• Sponsor-Led Training: Engage different subject matter experts to lead breakout sessions and allow reps to choose what they are most interested in. The sponsors are responsible for developing content tied into focus areas that they believe would be valuable to reps, as well as for selecting speakers to present the sessions. This empowers SMEs to deliver content to a smaller amount of reps, instead of forcing enablement to push out all-centralized content to a large audience. It also alleviates some of the pressure on enablement regarding training, as it spans out the responsibility for the content.

“The [reps] got to pick the content they were most interested in and because those groups were smaller, they got to really engage, ask questions, and hear from a SME that they were really excited about,” said Callie Apt, senior director of global sales enablement at Domo.

  • Peer-Led Discussions: Encourages reps to explore content in their own way by asking well-formulated questions and sharing ideas and opinions. Such inquiry-based learning works well in group settings where collaboration lets them assemble knowledge through lively and meaningful discussion.

“The quality of the content is king,” said Mary Tafuri, chief sales enablement officer at IBM. “Especially in the virtual world, you don’t want to waste any space or any time with noise.”

Include Gamification

A gamified training experience ignites a competitive spirit in sales teams when learning important sales behaviors. Gamification can provide instant feedback to reps so that they know whether they’re performing skills correctly. This alleviates the learning curve and increases confidence, thus accelerating outcomes.

“Doing [gamification] cements the information into their brain a lot better than just going through PowerPoint slides and telling them what the benefits are or having a speaker up there talking, even if the speaker is really engaging,” said Laura Welch, director of sales enablement at HP. “Having them actually do something and stand up is good.”

Gamification eliminates potential intimidation by breaking the subject down into small segments, with achievable milestones to reach throughout the learning process. Enablement can organize content into bite-sized topics such as sales plays, competitors, market trends, and product knowledge, while making complex learning more fun and engaging. This can also help improve adoption of knowledge or skills by encouraging reps to apply their training right away.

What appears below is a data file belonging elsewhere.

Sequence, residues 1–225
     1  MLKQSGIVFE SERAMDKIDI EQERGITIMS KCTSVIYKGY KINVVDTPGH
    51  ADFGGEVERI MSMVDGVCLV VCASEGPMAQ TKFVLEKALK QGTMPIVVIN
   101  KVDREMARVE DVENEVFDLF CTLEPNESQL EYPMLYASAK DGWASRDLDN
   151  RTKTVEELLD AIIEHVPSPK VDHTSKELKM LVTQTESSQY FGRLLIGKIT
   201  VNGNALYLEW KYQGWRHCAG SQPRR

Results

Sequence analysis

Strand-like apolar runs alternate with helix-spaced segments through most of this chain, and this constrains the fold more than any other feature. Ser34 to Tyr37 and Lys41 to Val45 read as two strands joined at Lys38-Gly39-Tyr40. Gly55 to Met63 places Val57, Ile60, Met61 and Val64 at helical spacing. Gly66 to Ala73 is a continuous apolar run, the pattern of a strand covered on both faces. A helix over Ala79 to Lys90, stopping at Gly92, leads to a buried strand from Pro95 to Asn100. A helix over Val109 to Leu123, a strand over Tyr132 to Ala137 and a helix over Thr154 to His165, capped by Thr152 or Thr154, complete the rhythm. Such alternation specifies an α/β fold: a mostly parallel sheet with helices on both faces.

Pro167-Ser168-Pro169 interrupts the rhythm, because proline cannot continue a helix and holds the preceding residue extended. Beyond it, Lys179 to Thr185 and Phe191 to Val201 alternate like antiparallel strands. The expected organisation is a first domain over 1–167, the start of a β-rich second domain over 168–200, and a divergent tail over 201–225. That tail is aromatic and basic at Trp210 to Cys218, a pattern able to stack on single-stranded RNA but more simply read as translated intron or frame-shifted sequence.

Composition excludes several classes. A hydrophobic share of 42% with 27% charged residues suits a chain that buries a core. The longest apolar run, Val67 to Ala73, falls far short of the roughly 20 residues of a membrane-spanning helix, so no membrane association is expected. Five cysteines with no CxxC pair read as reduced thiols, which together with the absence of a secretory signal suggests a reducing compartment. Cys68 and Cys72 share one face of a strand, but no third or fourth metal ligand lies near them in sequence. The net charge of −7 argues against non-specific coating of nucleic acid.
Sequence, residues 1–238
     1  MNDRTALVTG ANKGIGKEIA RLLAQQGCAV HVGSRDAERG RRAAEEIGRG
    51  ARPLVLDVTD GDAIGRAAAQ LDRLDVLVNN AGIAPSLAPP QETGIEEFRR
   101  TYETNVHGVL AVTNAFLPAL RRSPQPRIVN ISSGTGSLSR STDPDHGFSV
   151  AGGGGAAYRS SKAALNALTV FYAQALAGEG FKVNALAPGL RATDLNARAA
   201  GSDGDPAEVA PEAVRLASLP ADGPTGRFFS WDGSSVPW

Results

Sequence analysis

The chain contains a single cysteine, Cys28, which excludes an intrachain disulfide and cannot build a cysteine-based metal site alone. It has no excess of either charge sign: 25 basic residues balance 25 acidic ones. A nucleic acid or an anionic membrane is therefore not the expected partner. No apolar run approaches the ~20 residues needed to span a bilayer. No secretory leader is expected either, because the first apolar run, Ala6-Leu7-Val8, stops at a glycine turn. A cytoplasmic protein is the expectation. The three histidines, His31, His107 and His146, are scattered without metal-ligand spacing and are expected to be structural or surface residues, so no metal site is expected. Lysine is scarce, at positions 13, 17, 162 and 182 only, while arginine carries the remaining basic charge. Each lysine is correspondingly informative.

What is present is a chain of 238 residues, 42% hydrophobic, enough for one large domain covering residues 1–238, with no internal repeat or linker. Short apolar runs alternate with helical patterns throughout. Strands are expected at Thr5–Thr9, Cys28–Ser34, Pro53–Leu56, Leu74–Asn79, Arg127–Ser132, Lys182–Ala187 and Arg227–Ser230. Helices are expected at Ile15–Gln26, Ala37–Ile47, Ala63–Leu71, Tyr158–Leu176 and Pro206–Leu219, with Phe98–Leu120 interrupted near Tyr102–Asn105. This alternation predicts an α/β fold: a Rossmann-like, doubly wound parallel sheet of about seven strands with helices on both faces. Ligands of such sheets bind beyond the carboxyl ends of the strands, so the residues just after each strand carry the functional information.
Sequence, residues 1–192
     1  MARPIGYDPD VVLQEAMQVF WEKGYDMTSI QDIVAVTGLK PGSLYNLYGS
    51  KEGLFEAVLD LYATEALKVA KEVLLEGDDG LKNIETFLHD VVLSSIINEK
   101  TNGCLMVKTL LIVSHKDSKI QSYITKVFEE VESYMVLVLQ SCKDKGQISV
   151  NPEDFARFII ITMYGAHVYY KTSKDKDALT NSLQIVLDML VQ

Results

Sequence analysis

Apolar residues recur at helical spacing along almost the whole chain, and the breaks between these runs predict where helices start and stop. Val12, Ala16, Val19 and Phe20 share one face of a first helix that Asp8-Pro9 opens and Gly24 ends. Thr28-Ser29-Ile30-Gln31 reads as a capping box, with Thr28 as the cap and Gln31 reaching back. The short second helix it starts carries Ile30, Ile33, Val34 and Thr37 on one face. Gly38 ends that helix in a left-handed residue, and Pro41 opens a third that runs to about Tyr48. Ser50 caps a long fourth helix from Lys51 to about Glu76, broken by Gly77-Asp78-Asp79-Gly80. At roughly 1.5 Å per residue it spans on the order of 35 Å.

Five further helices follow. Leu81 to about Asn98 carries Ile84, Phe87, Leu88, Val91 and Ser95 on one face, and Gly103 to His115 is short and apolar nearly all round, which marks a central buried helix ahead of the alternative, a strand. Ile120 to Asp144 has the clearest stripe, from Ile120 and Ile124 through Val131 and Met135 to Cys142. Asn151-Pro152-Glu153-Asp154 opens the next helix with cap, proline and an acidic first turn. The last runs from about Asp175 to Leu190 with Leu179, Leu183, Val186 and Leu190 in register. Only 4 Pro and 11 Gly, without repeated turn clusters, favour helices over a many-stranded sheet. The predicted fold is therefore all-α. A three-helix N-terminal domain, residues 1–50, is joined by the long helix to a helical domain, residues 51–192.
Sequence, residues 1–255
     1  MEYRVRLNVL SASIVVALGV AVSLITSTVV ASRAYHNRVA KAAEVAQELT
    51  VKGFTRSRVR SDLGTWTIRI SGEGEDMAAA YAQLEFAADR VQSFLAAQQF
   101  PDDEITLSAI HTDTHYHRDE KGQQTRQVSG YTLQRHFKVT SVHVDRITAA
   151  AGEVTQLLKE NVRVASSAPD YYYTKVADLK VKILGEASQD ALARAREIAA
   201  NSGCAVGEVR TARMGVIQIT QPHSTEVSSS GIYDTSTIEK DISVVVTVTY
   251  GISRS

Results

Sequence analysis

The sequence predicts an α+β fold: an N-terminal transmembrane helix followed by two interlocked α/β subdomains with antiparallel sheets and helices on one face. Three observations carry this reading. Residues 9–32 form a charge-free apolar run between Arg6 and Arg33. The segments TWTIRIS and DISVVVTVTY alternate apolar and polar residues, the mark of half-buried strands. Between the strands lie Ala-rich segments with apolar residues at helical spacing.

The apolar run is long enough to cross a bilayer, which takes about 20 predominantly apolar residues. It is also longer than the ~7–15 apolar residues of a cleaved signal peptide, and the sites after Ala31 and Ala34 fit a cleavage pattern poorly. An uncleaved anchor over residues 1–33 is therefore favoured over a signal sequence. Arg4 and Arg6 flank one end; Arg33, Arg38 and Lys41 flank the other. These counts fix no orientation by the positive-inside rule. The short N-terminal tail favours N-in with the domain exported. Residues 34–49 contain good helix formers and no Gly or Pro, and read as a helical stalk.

Meanwhile, it allows enablement to gain data-backed insight on how reps are progressing, including identifying reps who know the most about a given topic or are the best at a particular skill. These reps who are becoming subject matter experts can then be tapped to assist in helping other reps retain information and can further help drive adoption after sessions end. On the other hand, it can highlight who is struggling and needs additional help, or topics that are consistently causing difficulty.

“We have a very prescriptive way to measure if one challenge or the other in one part of the portfolio or in one specific market is more effective than others,” said Tafuri. “It’s all driven by data collection and analytics and nicely displayed in a dashboard. I’m very proud of the adoption rate that we now have as a result.”

Regularly Check for Knowledge Retention

Frequent knowledge checks throughout training can help practitioners monitor engagement and assess the retention of key concepts among reps.

Beyond formal assessments, these casual knowledge checks also allow enablement to give their stamp of approval for how reps think through key concepts and might apply them in the field. When evaluating retention of key concepts, Miranda Martin’s book “The Ultimate Sales Training Success Guide” recommends focusing on just one to three things at a time before moving on to new topics. In doing so, consider including a brief knowledge check every 15 to 30 minutes to give reps a chance to pause and digest information as they learn.

Feedback is also a core component of these knowledge checks, as it helps correct any misconceptions and address learning gaps in the moment, before any issues become too deeply embedded in behavior. The following tools can be used to provide constructive feedback to reps during incremental knowledge checks:

  • Discover List: Separate feedback into a list with two columns, including “What Went Well” and “What to Improve”
  • Sandwich Approach: Present a positive finding, a negative finding, and then another positive finding
  • Magic Question: Ask the rep, “How do you think you did?” People are usually harder on themselves and will give themselves negative feedback, and enablement can then address those perceptions and follow up with positive reinforcement

Sales organizations that proactively address the challenges and maximize the opportunities of virtual training are more likely to navigate digital innovation in the business environment successfully, thereby driving success for reps, customers, and the company.